Photo courtesy of Ronaldo Hinojosa
Restoration House Ministries displays and sells artwork created by human trafficking victims to help fund their mission of trying to help the women transition back into society. The artwork and pottery is created by the victims as a form of art therapy to help them deal with the emotions and incidents they experienced while being trafficked. Melvindale Police Cpl. Ronaldo Hinojosa spent a week with the ministry and donated clothes, money, and defense training equipment to Restoration House while on his mission trip.
By GABRIEL GOODWIN
Sunday Times Newspapers
MELVINDALE — Police Cpl. Rolando Hinojosa spent a week in the Republic of Moldova to aid human trafficking victims and at-risk children Feb. 10 to 17 and returned with a “priceless” first impression.
“I will never forget the entire experience,” he said. “To be able to see the look on the faces of the women and children we helped and gave gifts to was priceless. They had a look that combined excitement and gratitude.”
Human trafficking peaked Hinojosa’s interest years ago, he said, so when the opportunity arose to take the week-long mission trip, he jumped at it. He said the reason for the trip was to interact with women who survived the experience and to educate young women and orphaned children about the dangers that lie around them.
Moldova is considered the epicenter of human trafficking, he said, because it has one of the highest rates of human trafficking occurrences in the world and many orphaned children. He said many of the children are considered “social orphans” because the parents emigrate to another country to find work and leave their children behind with friends or neighbors.
Hinojosa volunteered his time with Restoration House Ministries — a group that set up a facility in Chisinau, the capital city of the former Soviet republic, to help recent victims of human trafficking transition back into a normal life — and said all of those interacted with were “surprisingly very receptive to us.” He even recalled one point during the trip when his missionary group spent a night singing and dancing with some of the women at the shelter.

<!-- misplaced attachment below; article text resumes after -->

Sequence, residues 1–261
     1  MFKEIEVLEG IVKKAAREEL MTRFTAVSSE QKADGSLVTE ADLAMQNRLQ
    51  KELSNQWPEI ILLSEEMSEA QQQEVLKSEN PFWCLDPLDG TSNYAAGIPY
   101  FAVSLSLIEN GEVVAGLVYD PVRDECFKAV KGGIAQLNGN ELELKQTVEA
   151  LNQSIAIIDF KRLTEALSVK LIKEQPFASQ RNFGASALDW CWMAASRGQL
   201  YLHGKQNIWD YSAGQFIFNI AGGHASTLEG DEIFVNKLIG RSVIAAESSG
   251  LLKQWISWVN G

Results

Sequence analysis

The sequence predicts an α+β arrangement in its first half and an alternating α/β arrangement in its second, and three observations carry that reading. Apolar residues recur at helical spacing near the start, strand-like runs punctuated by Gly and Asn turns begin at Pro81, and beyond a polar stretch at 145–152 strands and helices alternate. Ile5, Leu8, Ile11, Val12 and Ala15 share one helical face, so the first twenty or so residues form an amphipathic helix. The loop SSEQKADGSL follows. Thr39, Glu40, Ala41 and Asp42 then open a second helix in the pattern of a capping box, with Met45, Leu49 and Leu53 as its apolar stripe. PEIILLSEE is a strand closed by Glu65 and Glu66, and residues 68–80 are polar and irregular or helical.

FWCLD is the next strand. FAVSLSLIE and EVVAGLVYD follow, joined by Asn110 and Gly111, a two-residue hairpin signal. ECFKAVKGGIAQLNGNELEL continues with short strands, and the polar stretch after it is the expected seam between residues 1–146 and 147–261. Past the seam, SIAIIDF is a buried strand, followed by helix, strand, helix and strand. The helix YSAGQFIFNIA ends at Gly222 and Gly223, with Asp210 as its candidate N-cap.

“They didn’t talk a lot about their experiences, but they accepted us.” he said. “I understand that wasn’t especially easy for them, given those experiences, but they did and that surprised many of us. We were strangers to them, but they made us feel welcome and allowed us to develop a connection.”
Restoration House does “so much in terms of outreach” for the people of Moldova to help the at-risk children and human trafficking victims, he said. The ministry has comprehensive programs that provide counseling to victims and outreach at orphanages to speak with at-risk children, he said.
There was an art therapy program, he said, that allowed the human trafficking victims to heal through creating paintings or pottery.
Hinojosa said he was “more than impressed” with the ministry workers because they were dedicated to helping these people.
“The workers were so excited to go to Mickey D’s. They told us that it was an experience they don’t get a lot,” he said. “I mean that was the little amount of money they had, but they were dedicated to stopping human trafficking.”
He explained the workers are not paid much to help these people, but “went out of their way” to drop off food and supplies to a woman with HIV who lived in a little village about 90 minutes from Chisinau. The woman and her 18-month-old baby lived in a house that was no larger than 10 feet by 10 feet, he said, with a single light bulb and a wood heater.
Regardless of the size and condition of the house’s exterior, he said the woman was proud of the house and even told them to take their shoes off before they entered. Hinojosa said the interior was very neat and she felt like it was her little corner of the world.
“Kudos to her because she was very proud of what she had,” he said. “The pride she had left me feeling very fortunate for what I have.”
He said the only drawback to the trip was being without his luggage or the gear to train the women in self-defense techniques because of an airline mistake. They were not able to give the women or teenage girls the self-defense training they planned before leaving, Hinjosa said, but they were able to leave them with the equipment and set up a fitness center.
He said he was able to pass along the donated clothes, money, and other supplies that he received prior to leaving for the trip.
“When my luggage finally arrived, it practically went right back on the airplane because it got to me the night before my flight back home,” he said. “Despite that, it was still a great experience for me. I am very glad I went on this trip. It was a rewarding experience and I would go back in a heartbeat if the opportunity presents itself again.”